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Posts Tagged ‘Bennett Place’

North Carolina’s historic sites, museums and other cultural institutions will be spreading good cheer across the state this weekend.

Civil War-style celebrations of Christmas in Durham and Four Oaks, a Polar Express adventure in Elizabeth City and a 1940s holiday bash in Sedalia are just a sampling of fun programs you’ll find throughout Tar Heel State.

Here are 17 events not to miss:

1. Cookies and cocoa at Dr. Brown’s home in Sedalia Saturday. The snacks are part of a larger program at the Charlotte Hawkins Brown Museum that looks at Christmas during the 1940s.

2. Music, crafts, food and fun as part of Christmas at the Big House, Christmas at the Quarters at Historic Stagville in Durham Saturday.

3. 1830s Christmas Candlelight tours of Vance Birthplace in Weaverville Saturday, where visitors will play the part of travelers seeking lodging for the night at the Vance home.

4. A Civil War Christmas at Bennett Place in Durham Saturday and Sunday, complete with traditional cooking demonstrations, caroling and decorations from the period.

5. Ornament-making at Mount Gilead‘s Town Creek Indian Mound Saturday. Visitors can choose to make edible “orniments” for birds or a clay decoration for their tree.

6. A German-style “Golden Christmas” at Reed Gold Mine in Midland Saturday. Craft demonstrations, candlelight tours of the mine and activities for the kids will all be part of the fun.

7. Refreshments and the chance to see what life was like for common Civil War soldiers on furlough during the holidays during Bentonville Battlefield’s Christmas program in Four OaksSaturday.

  

8. A fun-filled Christmas extravaganza featuring classic seasonal songs throughout the weekend at Roanoke Island Festival Park in Manteo.

9. Pinecone decorating and stories surrounding the origins of the Christmas tree as part of aVictorian Christmas at the N.C. Maritime Museum in Southport Saturday. 

10. A Crystal Coast Christmas Flotilla along the Beaufort waterfront Saturday night, right near the N.C. Maritime Museum.

11. A glimpse into the splendor of the season on an antebellum plantation, complete with traditional decorations and a good ole’ fashion Southern meal, Sunday at Somerset Place inCreswell.  

12. Nighttime tours of Durham‘s Duke Homestead decorated for an 1870s Christmas Friday.

13. Arms drills, cannon firing and displays of Civil War camp life at Fort Fisher in Kure Beach Saturday to commemorate the 150th anniversary of the first Federal attack there .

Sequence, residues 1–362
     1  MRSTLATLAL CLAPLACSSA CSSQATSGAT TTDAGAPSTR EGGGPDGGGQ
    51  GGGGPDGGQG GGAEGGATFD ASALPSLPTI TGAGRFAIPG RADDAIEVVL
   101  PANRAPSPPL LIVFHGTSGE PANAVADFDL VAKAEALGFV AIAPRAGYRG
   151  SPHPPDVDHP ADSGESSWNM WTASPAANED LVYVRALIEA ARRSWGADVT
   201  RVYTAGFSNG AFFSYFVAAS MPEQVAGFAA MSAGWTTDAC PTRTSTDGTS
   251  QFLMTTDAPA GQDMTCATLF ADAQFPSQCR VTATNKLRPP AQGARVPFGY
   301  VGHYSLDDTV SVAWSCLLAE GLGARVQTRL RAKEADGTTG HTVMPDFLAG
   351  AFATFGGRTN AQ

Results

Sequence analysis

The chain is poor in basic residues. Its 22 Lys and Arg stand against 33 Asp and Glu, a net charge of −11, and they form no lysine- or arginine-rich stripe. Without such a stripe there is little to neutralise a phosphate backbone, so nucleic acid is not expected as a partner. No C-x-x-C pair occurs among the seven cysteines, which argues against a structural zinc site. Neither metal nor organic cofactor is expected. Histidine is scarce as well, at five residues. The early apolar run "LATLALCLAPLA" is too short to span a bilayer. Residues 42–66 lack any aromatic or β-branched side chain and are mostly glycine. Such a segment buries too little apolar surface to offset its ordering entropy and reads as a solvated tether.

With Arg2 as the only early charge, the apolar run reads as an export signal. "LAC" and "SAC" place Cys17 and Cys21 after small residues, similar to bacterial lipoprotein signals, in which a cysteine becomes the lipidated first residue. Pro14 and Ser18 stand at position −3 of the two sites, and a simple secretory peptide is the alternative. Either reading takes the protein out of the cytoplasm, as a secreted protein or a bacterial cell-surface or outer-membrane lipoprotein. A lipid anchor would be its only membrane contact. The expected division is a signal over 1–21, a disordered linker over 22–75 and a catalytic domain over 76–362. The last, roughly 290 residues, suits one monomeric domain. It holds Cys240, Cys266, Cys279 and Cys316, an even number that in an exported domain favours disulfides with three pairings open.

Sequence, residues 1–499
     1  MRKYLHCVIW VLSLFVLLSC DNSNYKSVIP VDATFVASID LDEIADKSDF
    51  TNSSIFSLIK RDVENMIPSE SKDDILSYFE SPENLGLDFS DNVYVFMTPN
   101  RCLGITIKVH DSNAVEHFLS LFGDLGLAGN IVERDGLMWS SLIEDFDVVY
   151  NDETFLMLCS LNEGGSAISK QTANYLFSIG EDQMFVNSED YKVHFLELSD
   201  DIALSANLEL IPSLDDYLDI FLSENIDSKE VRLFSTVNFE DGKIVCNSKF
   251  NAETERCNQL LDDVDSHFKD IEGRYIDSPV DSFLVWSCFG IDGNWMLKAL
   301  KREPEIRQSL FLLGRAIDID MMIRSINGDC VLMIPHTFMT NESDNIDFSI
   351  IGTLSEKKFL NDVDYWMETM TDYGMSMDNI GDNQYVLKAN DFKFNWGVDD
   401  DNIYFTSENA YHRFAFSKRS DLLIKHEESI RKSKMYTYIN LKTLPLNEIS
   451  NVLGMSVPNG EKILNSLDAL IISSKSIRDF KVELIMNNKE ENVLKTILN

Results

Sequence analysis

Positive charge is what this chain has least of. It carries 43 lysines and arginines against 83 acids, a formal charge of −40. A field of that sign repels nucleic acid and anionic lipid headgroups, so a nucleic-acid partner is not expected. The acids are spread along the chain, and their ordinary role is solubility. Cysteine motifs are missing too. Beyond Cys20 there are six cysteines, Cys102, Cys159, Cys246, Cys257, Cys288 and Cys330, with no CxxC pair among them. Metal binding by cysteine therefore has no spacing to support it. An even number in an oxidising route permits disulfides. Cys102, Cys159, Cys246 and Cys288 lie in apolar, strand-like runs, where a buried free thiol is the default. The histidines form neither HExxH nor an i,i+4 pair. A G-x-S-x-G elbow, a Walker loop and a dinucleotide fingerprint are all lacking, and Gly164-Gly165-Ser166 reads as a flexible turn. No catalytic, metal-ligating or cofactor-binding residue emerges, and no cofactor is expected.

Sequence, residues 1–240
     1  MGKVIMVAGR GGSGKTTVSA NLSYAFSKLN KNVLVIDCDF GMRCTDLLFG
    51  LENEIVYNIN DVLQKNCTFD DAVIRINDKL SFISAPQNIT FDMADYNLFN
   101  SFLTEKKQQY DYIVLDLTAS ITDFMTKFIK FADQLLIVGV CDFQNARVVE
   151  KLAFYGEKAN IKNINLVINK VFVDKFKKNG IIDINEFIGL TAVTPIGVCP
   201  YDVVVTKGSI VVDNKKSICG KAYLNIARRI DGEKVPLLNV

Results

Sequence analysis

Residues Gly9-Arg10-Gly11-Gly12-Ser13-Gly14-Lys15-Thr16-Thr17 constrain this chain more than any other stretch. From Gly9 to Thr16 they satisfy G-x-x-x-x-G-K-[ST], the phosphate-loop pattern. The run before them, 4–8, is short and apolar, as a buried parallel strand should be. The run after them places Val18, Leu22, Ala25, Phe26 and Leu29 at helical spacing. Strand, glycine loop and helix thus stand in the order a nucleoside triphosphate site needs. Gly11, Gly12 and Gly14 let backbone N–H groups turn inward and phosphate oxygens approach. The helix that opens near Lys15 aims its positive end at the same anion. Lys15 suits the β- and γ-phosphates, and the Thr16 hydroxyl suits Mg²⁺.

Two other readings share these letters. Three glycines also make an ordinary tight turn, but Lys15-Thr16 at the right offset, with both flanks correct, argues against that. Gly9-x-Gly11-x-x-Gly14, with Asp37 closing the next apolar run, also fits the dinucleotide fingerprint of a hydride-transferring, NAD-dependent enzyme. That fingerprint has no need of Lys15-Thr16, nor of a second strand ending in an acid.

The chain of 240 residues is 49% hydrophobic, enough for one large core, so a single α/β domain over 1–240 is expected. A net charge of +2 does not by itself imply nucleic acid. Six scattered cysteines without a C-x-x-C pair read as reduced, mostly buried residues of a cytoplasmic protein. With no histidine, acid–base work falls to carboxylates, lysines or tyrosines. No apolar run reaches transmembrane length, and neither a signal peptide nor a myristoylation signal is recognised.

14. A Polar Express-themed holiday celebration at the Museum of Albemarle in Elizabeth City Saturday, featuring carriage rides and a model train village based on the family film favorite.

15. Performances of Handel’s Messiah by the N.C. Symphony and N.C. Master Chorale throughout the weekend in Raleigh and Southern Pines.

16. A lecture and book signing on growing up in Raleigh during the 1940s and 50s Sunday at the N.C. Museum of History in Raleigh.

17. Stories of Christmas past and special treats at the Mountain Gateway Museum Saturday, in conjunction with the Old Fort Christmas parade.

Check out DCR’s calendar for more information on these and other events, and a enjoy a great North Carolina weekend! If you know someone who’d like to receive these emails, they can sign up on the N.C. Department of Cultural Resources website.

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Bennett Place will celebrate fall 19th century style Saturday and Sunday.

A 19th century autumn festival in Durham, an end-of-summer stargazing session in Mount Gilead and a celebration of vintage cars and trains in Old Fort are just a few of the opportunities for fun and discovery you’ll find this weekend with the N.C. Department of Cultural Resources.

The fun starts Friday, when visitors to Tryon Palace in New Bern have the chance to win more than $1,000 in prizes at the inaugural Governor’s Challenge Cornhole Tournament. Elsewhere at the coast, Hatteras‘s Graveyard of the Atlantic Museum will host a lecture commemorating the 60th anniversary of Hurricane Hazel and the Museum of the Albemarle in Elizabeth City will help kids and parents create college art for public display.

In Raleigh, the N.C. Museum of Art will kick off its fall film noir series with the classic Hitchcock thriller Strangers on a Train and offer a special gallery talk and tour to complement its new photography exhibit Private Eye. The tour will be led by the collector who donated the work in the exhibit.